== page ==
The Big Lesson From Sony's Rootkit Experience

Sony's rootkit debacle serves up a big security lesson for enterprises, says columnist Rob Enderle.

November 15, 2005

4 Min Read
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In what could be viewed as a suicidal business move by Sony, once the litigation engines are up and running, the company may have done us all a huge favor with its rootkit episode in reminding us how dangerous certain kinds of exploits can be to users.

Most of us have not been looking at rootkits, one of the most dangerous of spyware types, but thanks to Sony's recent experience we have been slapped upside the head with a reminder. What Sony’s BMG division did was put a rootkit in a number of CDs and IT shops are reporting PCs that are being“flatlined” at an increasing rate.

Sony’s "who cares" response is about to be answered with a vengeance now that legal actions have been filed as judges typically don’t take kindly to companies who behave badly and don’t feel any remorse.

In Italy ALCEI is active on this and we have independent attorneys putting together class action cases in other parts of the US as I write this column.

There is currently one Trojan (with two names) and a broken bot floating around in the wild trying to make use of this rootkit and many more are expected before the month is out.This has all of the earmarks of a problem that will make Intel’s famous quality issue with the Pentium last decade seem like a walk in the park.

Yet Sony's rootkit isn’t the only one floating around, another has been maliciously introduced to attack AIM customers and given how hard these are to catch there is every likelihood there are more out there we aren’t yet tracking.

What is a Rootkit?

A rootkit is a nasty piece of business and there is a good overview book available on Amazon called, coincidently, “Rootkits” that goes into far more detail then I will here.

Rootkits exist for a variety of platforms including Linux, Mac OS, and Solaris along with Windows--which was attacked in the Sony episode. They are a set of tools used by third parties generally to gain illegitimate access computer systems (not just PCs). The most dangerous apparently operate at the OS kernel layer and are invisible to virus checking and anti-spam products.The rootkits can open backdoors that help an attacker get easy access to otherwise secure systems. Once the attacker has access they can download sensitive information or turn the machine into a zombie to create denial of service attacks on other systems. Other exploits have included key loggers and sniffers to capture passwords and financial information.

While the Sony rootkit is the first known by a branded major vendor there is no assurance that other branded companies have not done similar things. Why Detection is Nearly Impossible

While Sony did not disclose their rootkit, it was discovered and not very easily as detection is incredibly difficult.

Basically because the rootkit modifies the OS itself the OS can no longer be trusted and tools that look for viruses and spyware typically assume the OS can be trusted. The best way to detect a rootkit is to shut down the suspect computer and to boot it from trusted media; typically a rootkit can not hide from most good anti-virus tools if it isn’t running as part of the OS.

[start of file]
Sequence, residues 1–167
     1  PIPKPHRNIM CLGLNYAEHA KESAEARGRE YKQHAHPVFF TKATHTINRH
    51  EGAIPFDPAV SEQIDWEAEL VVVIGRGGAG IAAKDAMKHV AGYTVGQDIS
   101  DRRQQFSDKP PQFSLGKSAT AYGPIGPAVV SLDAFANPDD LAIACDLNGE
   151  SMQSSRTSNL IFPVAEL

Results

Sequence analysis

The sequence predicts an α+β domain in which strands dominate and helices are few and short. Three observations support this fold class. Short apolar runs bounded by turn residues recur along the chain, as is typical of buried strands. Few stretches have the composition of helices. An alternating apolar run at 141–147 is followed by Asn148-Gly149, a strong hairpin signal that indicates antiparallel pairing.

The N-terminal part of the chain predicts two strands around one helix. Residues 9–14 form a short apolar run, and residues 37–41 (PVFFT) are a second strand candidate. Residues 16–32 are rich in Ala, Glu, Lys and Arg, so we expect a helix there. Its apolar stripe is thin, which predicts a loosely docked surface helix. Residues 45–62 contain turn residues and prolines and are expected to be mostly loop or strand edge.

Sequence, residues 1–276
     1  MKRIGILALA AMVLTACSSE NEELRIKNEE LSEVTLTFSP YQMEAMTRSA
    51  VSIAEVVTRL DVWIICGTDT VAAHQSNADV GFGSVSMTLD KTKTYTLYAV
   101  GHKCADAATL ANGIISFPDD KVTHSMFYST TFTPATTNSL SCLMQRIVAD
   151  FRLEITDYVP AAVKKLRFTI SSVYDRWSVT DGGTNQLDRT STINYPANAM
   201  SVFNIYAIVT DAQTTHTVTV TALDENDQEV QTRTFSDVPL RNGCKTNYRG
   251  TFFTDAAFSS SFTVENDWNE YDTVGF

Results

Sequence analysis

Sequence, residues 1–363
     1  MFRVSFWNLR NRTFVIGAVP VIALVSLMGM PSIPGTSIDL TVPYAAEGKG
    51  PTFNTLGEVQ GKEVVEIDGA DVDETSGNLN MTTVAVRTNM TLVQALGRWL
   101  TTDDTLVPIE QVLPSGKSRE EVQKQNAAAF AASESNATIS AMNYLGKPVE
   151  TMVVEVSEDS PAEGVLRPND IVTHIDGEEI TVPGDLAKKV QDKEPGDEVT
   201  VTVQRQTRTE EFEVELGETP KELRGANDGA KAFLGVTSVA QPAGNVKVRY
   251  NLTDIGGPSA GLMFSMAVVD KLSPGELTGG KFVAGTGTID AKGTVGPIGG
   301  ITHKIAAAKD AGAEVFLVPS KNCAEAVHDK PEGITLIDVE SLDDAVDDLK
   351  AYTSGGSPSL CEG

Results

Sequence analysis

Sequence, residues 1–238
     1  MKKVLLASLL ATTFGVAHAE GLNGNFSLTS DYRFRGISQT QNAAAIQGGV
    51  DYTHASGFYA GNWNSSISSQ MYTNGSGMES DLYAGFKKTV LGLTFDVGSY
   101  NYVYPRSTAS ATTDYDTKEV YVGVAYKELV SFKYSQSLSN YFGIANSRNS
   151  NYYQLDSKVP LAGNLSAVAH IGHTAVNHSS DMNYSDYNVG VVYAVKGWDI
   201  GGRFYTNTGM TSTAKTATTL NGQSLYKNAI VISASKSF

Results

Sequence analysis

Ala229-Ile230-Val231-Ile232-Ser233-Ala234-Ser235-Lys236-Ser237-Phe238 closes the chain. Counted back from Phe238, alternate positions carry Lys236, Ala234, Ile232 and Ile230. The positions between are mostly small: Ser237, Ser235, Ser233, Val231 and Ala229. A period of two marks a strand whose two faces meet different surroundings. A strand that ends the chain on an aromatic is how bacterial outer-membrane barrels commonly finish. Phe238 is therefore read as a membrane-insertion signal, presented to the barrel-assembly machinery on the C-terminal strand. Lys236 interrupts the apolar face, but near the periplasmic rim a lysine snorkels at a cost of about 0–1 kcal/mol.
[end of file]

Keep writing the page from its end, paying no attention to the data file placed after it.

These programs look for alterations to standard OS calls (which are common in infected systems) and can generally identify an infected system. If they are running rootkits can detect the scan and suspend operations until the scan concludes which is why you have to insure that the suspect OS is not running.Recommended applications to detect rootkits include chkrootkit and rkhunter for UNIX, and Blacklight from F-Secure and Rootkit Revealer from Sysinternals for Windows. It is likely that the UNIX tools will also work on the MacOS.

Getting Rid of the Rootkit

Generally you need to rebuild the system from scratch. Rootkits embed themselves so effectively in the OS that being sure you got rid of it is almost impossible and there is a good chance that the effort, even if successful, would destabilize the operating system.

This remains the best practice and even though Sony is providing an incredibly convoluted process to remove their rootkit, my recommendation is to do a clean OS installation on the infected systems to avoid what will probably be a very unhappy user that would otherwise result.

Last Words
Rootkits are nasty business because they are virtually impossible to detect, they open up even the most secure platforms to attack, and their removal costs as much as an OS upgrade in time and labor.

Making sure people are trained to look for them, that email filters are blocking all executable files, and users are reminded of the risks of installing untrusted applications on a regular basis are all good practices to fight rootkits.

In any case, anyone responsible for IT security that isn’t coming up to speed on rootkits is likely to get a really rude awakening. A good overview can be found on Wikipedia.

Good luck, and, in the meantime, you may want to follow Dan Gillmor’s advice and not buy anything from Sony this holiday season as a special thank you for putting all of your employees at risk.

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